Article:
Medieval and early modern marriage was essentially an economic contract. A single person of either gender would find it much harder to build an economically viable life without a partner.
Multiple marriages were extremely common in an era when life expectancy was short. A single life-long marriage is the exception. Most people married at least twice and three and four spouses were quite normal among the upper classes, who married younger.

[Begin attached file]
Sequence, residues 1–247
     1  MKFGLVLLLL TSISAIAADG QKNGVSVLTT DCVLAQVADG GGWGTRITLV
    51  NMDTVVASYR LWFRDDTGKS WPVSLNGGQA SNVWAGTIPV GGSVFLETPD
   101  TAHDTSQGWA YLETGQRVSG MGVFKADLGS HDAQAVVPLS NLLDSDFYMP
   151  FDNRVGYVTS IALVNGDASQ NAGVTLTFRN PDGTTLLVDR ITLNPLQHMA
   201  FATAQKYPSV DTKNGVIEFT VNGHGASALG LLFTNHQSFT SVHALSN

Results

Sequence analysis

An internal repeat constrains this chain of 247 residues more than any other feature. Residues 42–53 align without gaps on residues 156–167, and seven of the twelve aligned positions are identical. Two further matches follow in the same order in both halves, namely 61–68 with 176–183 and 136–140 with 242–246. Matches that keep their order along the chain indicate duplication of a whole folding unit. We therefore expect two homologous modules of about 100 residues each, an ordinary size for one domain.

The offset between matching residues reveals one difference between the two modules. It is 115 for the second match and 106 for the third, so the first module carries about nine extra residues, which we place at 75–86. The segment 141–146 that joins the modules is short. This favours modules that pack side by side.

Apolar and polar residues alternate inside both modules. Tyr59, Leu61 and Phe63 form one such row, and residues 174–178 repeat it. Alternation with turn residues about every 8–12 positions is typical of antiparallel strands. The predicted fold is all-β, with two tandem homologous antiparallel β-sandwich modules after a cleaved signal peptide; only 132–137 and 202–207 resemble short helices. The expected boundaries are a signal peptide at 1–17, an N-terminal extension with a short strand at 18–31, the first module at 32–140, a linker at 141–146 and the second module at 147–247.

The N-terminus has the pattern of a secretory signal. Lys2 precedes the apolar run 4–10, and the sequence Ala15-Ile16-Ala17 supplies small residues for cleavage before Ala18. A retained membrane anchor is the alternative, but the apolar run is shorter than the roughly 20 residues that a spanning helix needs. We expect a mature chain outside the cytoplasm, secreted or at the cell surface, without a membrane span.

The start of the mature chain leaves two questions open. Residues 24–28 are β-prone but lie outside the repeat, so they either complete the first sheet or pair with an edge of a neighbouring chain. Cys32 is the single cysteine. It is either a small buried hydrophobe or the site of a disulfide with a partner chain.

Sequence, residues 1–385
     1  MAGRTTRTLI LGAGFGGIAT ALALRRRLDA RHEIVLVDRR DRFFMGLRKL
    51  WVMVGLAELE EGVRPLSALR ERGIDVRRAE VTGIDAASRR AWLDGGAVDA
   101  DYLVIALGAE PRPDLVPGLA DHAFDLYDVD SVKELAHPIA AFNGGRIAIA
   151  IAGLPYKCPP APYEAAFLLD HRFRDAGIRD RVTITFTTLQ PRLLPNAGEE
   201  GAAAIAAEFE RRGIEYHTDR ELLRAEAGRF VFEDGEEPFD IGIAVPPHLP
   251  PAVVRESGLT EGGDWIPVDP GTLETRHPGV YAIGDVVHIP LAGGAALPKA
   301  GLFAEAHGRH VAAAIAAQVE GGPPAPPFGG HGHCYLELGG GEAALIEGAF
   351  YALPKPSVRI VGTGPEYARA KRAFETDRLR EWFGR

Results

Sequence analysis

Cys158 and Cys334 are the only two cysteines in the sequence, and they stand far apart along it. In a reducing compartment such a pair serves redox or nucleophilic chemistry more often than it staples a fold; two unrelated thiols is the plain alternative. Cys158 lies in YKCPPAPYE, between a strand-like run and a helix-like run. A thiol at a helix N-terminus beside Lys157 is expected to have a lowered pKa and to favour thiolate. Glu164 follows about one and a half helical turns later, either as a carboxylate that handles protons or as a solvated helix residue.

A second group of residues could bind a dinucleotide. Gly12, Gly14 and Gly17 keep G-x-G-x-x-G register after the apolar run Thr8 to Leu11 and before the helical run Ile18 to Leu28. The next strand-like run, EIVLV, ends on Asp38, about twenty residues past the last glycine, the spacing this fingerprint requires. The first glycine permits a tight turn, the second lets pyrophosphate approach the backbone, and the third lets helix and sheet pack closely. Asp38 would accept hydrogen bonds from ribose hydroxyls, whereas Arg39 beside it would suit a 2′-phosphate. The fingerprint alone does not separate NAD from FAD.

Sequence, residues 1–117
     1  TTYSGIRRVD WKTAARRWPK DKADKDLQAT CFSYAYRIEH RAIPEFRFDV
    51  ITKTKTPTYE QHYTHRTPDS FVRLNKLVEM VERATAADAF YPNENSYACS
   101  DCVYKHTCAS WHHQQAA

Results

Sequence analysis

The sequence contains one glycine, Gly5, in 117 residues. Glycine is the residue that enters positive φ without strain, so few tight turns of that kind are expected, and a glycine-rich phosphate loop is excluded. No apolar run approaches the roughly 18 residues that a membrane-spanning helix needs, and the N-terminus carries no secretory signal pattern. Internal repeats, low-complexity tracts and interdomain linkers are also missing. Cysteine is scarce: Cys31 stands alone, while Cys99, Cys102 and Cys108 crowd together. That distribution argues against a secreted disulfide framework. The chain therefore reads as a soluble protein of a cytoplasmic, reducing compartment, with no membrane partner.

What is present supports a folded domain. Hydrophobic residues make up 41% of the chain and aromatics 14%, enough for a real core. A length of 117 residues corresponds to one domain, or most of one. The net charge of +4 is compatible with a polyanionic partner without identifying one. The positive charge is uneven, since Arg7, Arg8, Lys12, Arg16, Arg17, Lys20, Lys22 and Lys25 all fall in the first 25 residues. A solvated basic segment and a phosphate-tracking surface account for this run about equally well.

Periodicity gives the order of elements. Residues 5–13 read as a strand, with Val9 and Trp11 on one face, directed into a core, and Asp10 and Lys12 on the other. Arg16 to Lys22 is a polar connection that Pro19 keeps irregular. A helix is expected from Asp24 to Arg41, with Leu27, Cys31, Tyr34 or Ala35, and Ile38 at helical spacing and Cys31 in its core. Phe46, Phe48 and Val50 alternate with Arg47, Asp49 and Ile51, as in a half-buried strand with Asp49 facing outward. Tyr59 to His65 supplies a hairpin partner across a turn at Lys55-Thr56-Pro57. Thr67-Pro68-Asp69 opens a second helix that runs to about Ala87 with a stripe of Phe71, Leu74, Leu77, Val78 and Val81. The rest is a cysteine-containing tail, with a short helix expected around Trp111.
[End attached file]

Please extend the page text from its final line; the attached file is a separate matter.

Poorer widowed men with children usually remarried within months, or even weeks, as keeping a family and working was almost impossible. Widows of childbearing age generally remarried, and older women would remarry if they could, for economic reasons. It was not uncommon for the widow of a tradesman to marry his apprentice and carry on the business.
The Record for Marriage: Not Henry VIII
We tend to think of Henry VIII’s record…
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